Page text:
Jewels in the crown of diamond district
of his orders come from the local Jewish-owned Holts Group, which is shown briefly in the documentary. “People like speaking to me,” he explains. “They like that human interaction.”
It’s a throwback world — and also a male dominated one. The only woman trader featured in Diamond Geezers is 25-year-old Stutman, a bubbly blonde known as the “sweep fairy”. She stomps around in ankle boots and overalls, hoovering floors, wiping bins and cleaning sinks in the search for “gold dust”.
She also dons rubber gloves to sift for gold through packs of teeth purchased from dentists, a task that takes some getting used to, she giggles. Stutman, who has worked for her uncle’s company Presman Mastermelt for more than two years, travels across the country collecting thousands of pounds worth of gold that design studios and workshops perceive to be rubbish.
The work environment she inhabits is alien to most people of her age. She is one of the youngest people working in Hatton Garden and “the only girl on the road.
“Everything here has to be done face-to-face,” she says. “There’s that whole trust issue. People like to know who they’re dealing with.
“In a couple of weeks, I’ll be driving eight-and-ahalf hours to Penzance to pick up gold dust. I’ll drive, not have them send it to me. It’s just not how the trade works. That’s why I spend three nights a week out of London.
“It’s a tough industry. People work hard for small margins. But I love what I do. It’s rewarding to make something out of what people consider to be rubbish.”
The Birmingham University media studies graduate says that, to help her network, she has started golf lessons. “I’m probably the worst golfer in the world, but you have to put yourself out there or end up in the background.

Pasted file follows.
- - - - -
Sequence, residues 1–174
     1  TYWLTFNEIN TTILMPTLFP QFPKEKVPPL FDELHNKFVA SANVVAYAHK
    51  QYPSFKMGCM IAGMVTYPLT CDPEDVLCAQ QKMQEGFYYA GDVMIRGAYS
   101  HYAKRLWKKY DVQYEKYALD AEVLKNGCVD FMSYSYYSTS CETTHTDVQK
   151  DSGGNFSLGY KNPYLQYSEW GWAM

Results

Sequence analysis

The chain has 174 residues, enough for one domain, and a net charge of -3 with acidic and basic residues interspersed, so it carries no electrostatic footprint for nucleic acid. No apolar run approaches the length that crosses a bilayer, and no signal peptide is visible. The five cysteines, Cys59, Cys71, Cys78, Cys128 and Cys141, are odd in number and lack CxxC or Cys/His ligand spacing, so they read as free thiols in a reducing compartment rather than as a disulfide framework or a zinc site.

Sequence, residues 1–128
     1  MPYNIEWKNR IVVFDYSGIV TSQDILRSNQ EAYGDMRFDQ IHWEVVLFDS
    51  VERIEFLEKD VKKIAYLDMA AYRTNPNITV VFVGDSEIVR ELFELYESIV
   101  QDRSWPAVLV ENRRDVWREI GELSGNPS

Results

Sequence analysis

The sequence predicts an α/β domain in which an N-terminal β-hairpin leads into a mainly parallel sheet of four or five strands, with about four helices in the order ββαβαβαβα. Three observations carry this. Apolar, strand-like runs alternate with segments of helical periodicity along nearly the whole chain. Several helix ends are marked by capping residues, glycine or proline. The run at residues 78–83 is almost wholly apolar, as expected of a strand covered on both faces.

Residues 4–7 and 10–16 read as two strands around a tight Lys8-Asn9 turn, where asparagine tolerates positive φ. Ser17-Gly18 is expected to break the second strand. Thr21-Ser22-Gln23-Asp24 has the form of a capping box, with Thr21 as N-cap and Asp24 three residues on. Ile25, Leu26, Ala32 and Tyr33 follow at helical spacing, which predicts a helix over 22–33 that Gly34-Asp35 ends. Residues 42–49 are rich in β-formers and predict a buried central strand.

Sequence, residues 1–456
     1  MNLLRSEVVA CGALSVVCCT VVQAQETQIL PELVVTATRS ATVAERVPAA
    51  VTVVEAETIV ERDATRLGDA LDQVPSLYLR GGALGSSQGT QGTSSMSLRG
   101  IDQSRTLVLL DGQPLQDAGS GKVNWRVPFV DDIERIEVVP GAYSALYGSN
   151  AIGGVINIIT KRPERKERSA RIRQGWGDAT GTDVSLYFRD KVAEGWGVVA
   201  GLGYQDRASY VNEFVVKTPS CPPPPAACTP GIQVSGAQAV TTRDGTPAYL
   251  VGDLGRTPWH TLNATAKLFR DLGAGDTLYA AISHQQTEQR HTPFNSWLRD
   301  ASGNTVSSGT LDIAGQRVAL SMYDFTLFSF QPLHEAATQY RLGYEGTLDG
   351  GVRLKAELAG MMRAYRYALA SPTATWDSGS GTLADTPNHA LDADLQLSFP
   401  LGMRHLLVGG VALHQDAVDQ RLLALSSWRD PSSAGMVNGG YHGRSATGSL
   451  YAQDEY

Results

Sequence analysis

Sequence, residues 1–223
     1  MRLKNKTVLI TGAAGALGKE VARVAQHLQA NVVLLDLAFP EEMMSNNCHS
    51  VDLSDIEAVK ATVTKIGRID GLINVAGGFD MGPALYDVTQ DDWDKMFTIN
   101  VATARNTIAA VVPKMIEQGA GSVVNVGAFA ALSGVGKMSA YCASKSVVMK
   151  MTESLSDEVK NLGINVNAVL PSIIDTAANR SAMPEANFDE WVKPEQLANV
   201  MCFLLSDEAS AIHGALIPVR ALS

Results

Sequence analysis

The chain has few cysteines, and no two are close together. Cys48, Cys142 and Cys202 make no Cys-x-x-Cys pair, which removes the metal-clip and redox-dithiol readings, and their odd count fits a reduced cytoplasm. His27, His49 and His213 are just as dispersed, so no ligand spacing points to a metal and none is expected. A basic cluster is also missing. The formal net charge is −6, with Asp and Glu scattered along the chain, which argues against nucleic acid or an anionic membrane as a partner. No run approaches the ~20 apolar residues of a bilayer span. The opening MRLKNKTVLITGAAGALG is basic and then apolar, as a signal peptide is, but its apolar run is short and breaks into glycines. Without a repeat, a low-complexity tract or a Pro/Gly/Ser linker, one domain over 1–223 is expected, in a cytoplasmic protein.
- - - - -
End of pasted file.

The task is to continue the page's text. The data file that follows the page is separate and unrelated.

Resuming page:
“People underestimate me but I don’t mind that. I work hard and like to prove people wrong. But it would be nice if there were more young people.”
She bristles when fears are expressed over Hatton Garden’s future, yet concedes “it’s changing. A lot of people are having to close their workshops because rent is going up, or they are given notice. Everyone is trying to stay as close as possible, because if someone needs a polisher, all they need is to run across the road. Their whole world revolves around Hatton Garden.” Working in the industry has given Stutman a clearer idea of what she wants in an engagement ring. “I don’t look at jewellery in the same way anymore. I want someone to make it, not just get it from a retail shop.
“There’s a story behind a piece of jewellery. I don’t know many other industries that are like it. I never thought I would go into it in a million years but I don’t think I’ll ever leave. I’ll be here forever.”
Orthodox father-of-four Jonny Marks is another featured in the programme. The antiques dealer is filmed doing deals in the back of a cab.
Speaking before t r a nsmission, Leigh Stutman and Michael Lynton confess to being a little nervous about their portrayal.
“I thought it would just be something on a local channel — not ITV,” Lynton laughs. “Leigh and I are going to go and hide in a corner until this goes away.”
But the grandfather-of-two admits to more pressing worries. “My grandchildren live in Netanya and get scared when the sirens go off. We’re worried for them, for my two sons in Israel, for everyone. We just want it to end.”
He hopes Diamond Geezers will inspire “more Jewish boys and girls to come into the trade. In Jewish society it’s always about ‘my son the doctor, my son the lawyer’, but there are other things — a steady living. My pieces will live on forever.”
Leigh Stutman at the family business premises